–The following article was submitted by Delegates Ryan Nawrocki & Kathy Szeliga (District 7A) and Lauren Arikan (District 7B) about public safety–
Maintaining public safety is the number one oath for elected officials, and we have repeatedly spoken out regarding the shocking and devastating legislation causing much of this crime-uptick.
It seems that it wasn’t until the mass shooting in Brooklyn on July 2nd that Gov. Wes Moore began to agree with Republicans. During the annual ‘Brooklyn Day’ block party in Baltimore’s Brooklyn Homes community, one shooting may have triggered the sequence of more than a dozen shooters opening fire resulting in 2 deaths and 28 injuries.
As of now, only a 17-year-old boy has been charged, and no other arrests have been made. According to data obtained from Statista Research Department, July’s Baltimore City massacre ranks as the 15th worst mass shooting in the United States since 1982 when comparing number of victims shot.
Shortly thereafter, on July 5th, Wicomico County sustained its first recorded mass shooting that injured six teenagers and resulted in the death of a 14-year-old.
The Wicomico County State’s Attorney, Jamie Dykes, responded to the incident wanting the legislation to pass to make stealing a firearm a felony and said, “I believe subsequent offender penalties with mandatory minimums are more likely to be effective.”
Many other state’s attorneys are joining Dykes and are blaming Maryland’s 2022 Child Interrogation Protection Act and the Juvenile Justice Reform Act for what they believe is keeping law enforcement from holding suspects responsible. Putting partisan politics aside, local state’s attorneys (Both Democrat and Republican) across the state of Maryland are demanding immediate action because of rising juvenile crime, mass shooting frequency, and illegal firearm possession.
Fox45 gathered comments from various authorities on these laws:
● Montgomery County State’s Attorney John McCarthy said, “The Child Interrogation Protection Act has replaced traditional constitutional protections with legislative fiats that bar police from questioning young offenders, even those charged as adults”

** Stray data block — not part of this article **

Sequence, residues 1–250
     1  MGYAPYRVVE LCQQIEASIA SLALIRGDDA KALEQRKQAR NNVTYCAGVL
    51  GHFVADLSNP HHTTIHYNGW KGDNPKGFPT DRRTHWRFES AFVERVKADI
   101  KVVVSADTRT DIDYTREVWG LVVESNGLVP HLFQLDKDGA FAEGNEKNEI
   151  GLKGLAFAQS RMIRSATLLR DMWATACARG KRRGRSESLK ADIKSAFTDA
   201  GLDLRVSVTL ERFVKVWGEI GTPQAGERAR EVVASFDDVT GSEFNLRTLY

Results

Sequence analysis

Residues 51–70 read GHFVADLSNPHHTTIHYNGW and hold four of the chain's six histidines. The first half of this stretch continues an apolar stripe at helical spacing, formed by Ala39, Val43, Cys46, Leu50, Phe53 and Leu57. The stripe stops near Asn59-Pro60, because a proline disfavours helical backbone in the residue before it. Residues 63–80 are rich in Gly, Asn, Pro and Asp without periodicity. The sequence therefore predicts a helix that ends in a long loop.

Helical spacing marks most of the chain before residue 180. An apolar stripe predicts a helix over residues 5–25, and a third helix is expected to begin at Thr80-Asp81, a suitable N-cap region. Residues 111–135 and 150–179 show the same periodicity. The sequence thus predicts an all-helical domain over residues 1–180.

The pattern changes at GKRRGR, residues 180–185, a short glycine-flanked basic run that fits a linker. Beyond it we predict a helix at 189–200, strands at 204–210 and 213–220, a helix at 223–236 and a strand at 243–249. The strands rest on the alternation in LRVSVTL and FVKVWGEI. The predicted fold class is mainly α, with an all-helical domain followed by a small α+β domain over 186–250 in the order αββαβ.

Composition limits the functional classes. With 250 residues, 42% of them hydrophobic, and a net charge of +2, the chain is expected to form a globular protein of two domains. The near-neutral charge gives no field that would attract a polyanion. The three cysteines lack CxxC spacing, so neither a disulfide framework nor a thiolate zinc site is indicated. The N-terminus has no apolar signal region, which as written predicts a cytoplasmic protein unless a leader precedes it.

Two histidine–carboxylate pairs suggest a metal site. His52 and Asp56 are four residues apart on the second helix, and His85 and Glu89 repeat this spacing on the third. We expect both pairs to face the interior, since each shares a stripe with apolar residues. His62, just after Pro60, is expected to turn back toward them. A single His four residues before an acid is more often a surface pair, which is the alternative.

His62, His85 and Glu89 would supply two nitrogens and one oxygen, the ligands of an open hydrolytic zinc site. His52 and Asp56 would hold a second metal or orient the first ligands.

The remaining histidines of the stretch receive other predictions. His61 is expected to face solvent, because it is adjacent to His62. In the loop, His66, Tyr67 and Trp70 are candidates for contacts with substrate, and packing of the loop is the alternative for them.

● Frederick County State’s Attorney J. Charles Smith said, “This comes during a time of increasing youth violence.” “The result of this law [the Child Interrogation Protection Act] passing in Maryland is that if your child is a victim most often the perpetrator is another juvenile and there is a very good chance that the crime will not be fully investigated.”
● Baltimore City State’s Attorney Ivan Bates said, “When you look at the Juvenile Justice Reform Act that happened in June of 2022, to be honest, I think it’s one of the worst pieces of legislation I have ever read because what it has done is it has taken the process of holding juvenile accountable away from prosecutors.”
● Harford County State’s Attorney Alison Healey said, “The Maryland General Assembly has made it infinitely more difficult to hold juvenile offenders accountable. There is very little accountability for juveniles who commit criminal acts under the new legislation.”
● Carroll County State’s Attorney Haven Shoemaker said, “Juvenile criminal coddling is not the answer.”
While we are encouraged by these statements, we are not surprised to hear that those facing the fallout of soft-on-crime policies are frustrated and demanding change. We and our colleagues in the House Republican caucus have introduced bills to get tough on criminals and improve public safety measures for years.
What we were most surprised to hear was the reaction of Governor Moore after the Brooklyn event. He said that stemming the bloodshed will require more police and tougher sentencing for repeat violent offenders.
This is a dramatic shift from what we have been hearing from liberal Democratic leaders and what we saw take place in Annapolis this past session.
It seems that liberal procriminal Democrats are now seeing the results of their soft-on-crime polices creating younger and younger violent criminals and too many innocent victims.
Recently President Biden signed a GOP-led resolution that blocked D.C.’s proposed overhaul of its criminal code to eliminate mandatory minimum sentences and reduce penalties for robbery and burglary. The GOP congressional legislation also provided additional tools for prosecutors and judges to enhance penalties in DC.
Crime is so bad in Washington DC that Democratic D.C. Mayor led the charge to pass an emergency crime bill that created new penalties for firing a gun in public and making it easier to detain people awaiting trial. We hope this is signaling a change in the tide and that Republicans and Democrats can come together to address the crime crisis in Maryland.
Delegates Szeliga and Arikan introduced legislation to address this crisis this past session. However, both HB698 (Juvenile Court Jurisdiction – Age of Child) and HB937 (Attempted Second-Degree Murder – Penalty) never made it out of committee. As we look forward to 2024, we ask the Marylanders to continue to support measures that will get tough on criminals and bring peace to our communities.